The holidays are over, and we’ve probably gained a pound or two from all the rich goodies we ate at parties and family gatherings. We probably let our exercise routine lapse, and no, wrapping presents and repeatedly checking the temperature of the turkey doesn’t count!
So for many of us, exercise showed up on our list of New Year’s resolutions—just at the point when the weather and short days can make it more of a challenge to get a good workout!
Our need for exercise doesn’t take a winter break. For people of every age, and especially for older adults, physical activity is a vital part of good physical, emotional and mental health. A sedentary lifestyle leads to unhealthy weight gain, depression, sleep problems and a host of other health problems. And if we completely slack during the winter, we’re at higher risk of injury when we resume exercise in the spring.
But the good news is that people of every age can still remain fit by changing our routine for the season, and by taking a few simple health and safety precautions. Here are some options for making it happen.
Continuing Your Outdoor Routine
Sometimes the temperatures are too cold to make outdoor exercise safe, especially for seniors who are unable to move at a brisk pace. But if walking, cycling or other outdoor activities are part of your or your love one’s fitness routine, you don’t necessarily have to take a break during the colder months. To safely continue your outdoor regimen for winter, remember:
- For comfort and to avoid hypothermia (a dangerous drop in body temperature), dress right for cold temperatures and wind. Wearing several layers of water- and wind-resistant clothing is the best way to hold in body heat, and you can shed or add layers as you warm up and cool down. Don’t forget a hat or hood, gloves and scarf.
- If you wear rain gear, choose a fabric that “breathes.” Sporting goods and outdoor wear stores feature a variety of high-tech materials that repel water and block the wind, but allow perspiration to evaporate.
- Your shoes should be waterproof, well-fitted, with good traction and ankle support. Keep feet dry and warm with the right socks.
- Pay attention to the weather, and be aware of the wind chill factor. On windy days, your body temperature can lower much faster. Be aware of the symptoms of hypothermia and frostbite.
- If you walk at dusk or after dark, make yourself more visible by wearing reflective clothing. Carry a flashlight. Be extra cautious when crossing streets. Remember, it is harder for drivers to see you than it is for you to see them!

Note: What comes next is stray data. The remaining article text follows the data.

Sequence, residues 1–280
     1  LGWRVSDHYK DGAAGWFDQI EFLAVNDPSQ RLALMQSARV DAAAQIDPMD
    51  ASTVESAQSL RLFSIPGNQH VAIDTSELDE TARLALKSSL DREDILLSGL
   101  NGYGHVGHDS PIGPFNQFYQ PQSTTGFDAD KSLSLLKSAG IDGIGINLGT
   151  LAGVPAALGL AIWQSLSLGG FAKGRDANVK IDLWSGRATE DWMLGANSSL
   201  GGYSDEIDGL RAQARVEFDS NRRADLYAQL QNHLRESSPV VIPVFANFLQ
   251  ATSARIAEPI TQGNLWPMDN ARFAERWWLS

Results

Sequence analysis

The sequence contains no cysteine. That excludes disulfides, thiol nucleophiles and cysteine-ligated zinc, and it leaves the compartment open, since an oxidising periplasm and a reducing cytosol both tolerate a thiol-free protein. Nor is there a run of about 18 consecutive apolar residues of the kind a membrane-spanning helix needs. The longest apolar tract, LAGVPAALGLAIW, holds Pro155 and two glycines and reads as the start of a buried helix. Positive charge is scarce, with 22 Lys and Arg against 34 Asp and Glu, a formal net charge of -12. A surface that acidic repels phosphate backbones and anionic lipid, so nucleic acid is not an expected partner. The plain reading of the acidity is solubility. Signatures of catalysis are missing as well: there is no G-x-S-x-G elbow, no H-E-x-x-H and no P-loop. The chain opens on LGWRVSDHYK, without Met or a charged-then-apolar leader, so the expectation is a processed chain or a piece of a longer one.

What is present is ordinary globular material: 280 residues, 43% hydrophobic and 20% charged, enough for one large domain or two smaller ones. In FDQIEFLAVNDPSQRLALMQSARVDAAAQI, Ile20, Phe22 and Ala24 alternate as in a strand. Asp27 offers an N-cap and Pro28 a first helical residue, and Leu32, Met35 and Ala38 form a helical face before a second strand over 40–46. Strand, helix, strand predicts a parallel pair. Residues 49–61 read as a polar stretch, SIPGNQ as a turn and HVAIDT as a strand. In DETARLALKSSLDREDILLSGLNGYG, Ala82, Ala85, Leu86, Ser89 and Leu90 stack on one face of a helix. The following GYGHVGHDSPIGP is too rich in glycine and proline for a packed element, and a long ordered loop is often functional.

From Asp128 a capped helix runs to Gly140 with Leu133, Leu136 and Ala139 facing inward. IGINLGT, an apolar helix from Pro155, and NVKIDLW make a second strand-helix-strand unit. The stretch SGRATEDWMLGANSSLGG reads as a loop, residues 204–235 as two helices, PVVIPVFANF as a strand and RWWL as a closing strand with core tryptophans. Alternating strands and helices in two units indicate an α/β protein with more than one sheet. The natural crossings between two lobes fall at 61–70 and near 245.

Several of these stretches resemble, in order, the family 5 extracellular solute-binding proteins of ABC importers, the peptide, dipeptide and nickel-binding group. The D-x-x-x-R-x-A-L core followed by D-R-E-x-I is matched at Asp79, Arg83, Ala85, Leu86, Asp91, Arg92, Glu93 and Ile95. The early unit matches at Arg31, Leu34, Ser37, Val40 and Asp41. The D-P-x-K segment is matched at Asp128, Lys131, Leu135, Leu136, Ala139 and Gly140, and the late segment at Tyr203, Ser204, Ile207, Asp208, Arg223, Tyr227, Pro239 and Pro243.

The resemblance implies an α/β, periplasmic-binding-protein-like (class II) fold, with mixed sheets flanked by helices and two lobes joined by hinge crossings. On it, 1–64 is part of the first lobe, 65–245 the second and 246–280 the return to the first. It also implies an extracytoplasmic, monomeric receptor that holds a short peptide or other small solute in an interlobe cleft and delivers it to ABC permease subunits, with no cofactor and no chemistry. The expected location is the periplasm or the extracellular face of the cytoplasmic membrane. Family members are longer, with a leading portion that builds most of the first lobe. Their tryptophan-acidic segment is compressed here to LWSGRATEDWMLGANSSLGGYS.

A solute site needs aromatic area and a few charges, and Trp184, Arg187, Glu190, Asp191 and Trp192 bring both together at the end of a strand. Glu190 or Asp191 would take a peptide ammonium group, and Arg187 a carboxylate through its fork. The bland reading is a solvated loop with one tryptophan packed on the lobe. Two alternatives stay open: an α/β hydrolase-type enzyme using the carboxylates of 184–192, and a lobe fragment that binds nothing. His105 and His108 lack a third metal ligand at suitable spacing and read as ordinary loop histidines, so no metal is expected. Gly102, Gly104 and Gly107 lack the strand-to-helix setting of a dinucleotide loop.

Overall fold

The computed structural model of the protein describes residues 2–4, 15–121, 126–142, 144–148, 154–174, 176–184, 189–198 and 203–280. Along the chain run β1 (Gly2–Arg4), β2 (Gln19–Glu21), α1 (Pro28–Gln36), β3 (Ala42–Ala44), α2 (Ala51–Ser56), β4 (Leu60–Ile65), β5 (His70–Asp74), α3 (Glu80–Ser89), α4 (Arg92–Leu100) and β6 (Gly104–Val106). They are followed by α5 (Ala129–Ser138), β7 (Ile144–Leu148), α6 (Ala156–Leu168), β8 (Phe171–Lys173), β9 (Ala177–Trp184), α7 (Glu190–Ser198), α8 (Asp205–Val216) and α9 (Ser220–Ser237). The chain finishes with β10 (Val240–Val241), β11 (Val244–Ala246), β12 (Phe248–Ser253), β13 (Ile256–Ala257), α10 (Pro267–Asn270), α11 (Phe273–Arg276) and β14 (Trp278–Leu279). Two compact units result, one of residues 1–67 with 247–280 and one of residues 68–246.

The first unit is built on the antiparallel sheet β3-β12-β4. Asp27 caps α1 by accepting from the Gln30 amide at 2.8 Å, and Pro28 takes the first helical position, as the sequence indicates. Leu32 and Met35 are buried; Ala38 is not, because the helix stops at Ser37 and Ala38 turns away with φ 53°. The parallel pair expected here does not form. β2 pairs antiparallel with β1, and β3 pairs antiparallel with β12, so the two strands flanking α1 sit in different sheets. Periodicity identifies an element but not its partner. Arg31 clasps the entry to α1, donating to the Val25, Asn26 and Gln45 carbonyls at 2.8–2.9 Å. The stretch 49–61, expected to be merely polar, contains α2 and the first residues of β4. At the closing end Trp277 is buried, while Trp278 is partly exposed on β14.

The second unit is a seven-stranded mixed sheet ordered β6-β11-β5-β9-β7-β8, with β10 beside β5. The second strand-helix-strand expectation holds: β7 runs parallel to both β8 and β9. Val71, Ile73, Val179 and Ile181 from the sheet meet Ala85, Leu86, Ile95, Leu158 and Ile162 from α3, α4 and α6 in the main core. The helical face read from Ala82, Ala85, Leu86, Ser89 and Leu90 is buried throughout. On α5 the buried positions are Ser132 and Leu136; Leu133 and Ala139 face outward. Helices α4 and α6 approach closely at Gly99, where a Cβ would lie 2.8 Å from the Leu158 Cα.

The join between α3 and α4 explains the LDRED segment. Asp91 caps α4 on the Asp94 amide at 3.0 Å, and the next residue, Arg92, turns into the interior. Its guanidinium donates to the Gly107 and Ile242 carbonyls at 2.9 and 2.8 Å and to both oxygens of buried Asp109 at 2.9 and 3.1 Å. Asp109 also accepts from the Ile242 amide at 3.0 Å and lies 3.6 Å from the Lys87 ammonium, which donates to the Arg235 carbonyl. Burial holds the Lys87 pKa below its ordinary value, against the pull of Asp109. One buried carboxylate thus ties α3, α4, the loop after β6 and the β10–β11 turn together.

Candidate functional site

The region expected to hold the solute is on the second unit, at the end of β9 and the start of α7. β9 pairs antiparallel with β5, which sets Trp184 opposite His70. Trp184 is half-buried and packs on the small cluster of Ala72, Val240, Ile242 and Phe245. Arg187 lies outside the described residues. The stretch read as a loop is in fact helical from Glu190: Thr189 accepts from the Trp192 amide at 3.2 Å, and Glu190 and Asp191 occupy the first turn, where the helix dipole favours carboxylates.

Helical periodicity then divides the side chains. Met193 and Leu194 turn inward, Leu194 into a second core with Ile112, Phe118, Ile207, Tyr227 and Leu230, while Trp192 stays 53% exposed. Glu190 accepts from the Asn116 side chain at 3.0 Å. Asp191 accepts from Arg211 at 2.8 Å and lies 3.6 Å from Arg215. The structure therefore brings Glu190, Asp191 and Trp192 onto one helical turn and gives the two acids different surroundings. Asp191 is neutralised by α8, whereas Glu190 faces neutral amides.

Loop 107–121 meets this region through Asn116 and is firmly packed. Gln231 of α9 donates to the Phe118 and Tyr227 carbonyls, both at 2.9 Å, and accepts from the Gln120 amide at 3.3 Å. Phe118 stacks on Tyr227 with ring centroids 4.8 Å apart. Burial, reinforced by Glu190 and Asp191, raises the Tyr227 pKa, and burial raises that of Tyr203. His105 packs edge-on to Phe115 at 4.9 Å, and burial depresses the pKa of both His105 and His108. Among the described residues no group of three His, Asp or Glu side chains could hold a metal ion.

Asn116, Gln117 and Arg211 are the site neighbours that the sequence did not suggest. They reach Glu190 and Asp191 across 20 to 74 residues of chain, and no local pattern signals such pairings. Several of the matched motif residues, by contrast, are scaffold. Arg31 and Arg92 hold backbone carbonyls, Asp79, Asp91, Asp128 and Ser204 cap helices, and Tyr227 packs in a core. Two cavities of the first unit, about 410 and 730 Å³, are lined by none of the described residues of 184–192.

- Don’t neglect your warm-up. A longer stretching phase and slower movements at the beginning of your workout help prevent muscle or tendon injury.
- Use caution and good sense to avoid any situation or condition that might trip you up, such as ice, slippery leaves and poorly lit walkways.
- Dry, cold winter air can lead to dehydration, so drink plenty of water.
Give Winter Sports a Try
If your area gets snow in the winter and if your healthcare provider gives you the thumbs up, try snowshoeing or cross-country skiing. Keep in mind the precautions above, and in addition:
- If you’re a first-timer or inexperienced, be sure to get professional training first.
- Know the weather conditions before you head out in the snow, and keep wind chill in mind
- Don’t go out alone, and bring your phone.
- Bring snacks and water.
- Use appropriate gear, in good condition.
- Remember to dress warmly in layers to avoid the danger of hypothermia, frostbite and other cold injuries.
- Sunblock and sunglasses are as important during snow sports as in the summer.
Check Out Indoor Exercise Opportunities
When the weather is just too miserable or it’s too dark, alternate with indoor fitness activities. This might be the year to:
- Join a gym.
- Check out local senior fitness classes.
- Take up mall walking, or go to an indoor track.
- Take a swimming or water aerobics class at an indoor pool.
- Go bowling or dancing with friends.
- Invest in a treadmill or other home exercise equipment.
- Work out at home with an exercise or tai chi video; keep a set of weights near the TV even if you’re just watching a movie.
Remember, before starting any new or expanded exercise program, talk to your healthcare provider, especially if you’re beginning new activities.
Winter doesn’t mean hibernation. You still should get 30 minutes or more of physical exercise most days of the week. But with a little planning and preparation, you can continue to be active even in the winter months.
Source: IlluminAge AgeWise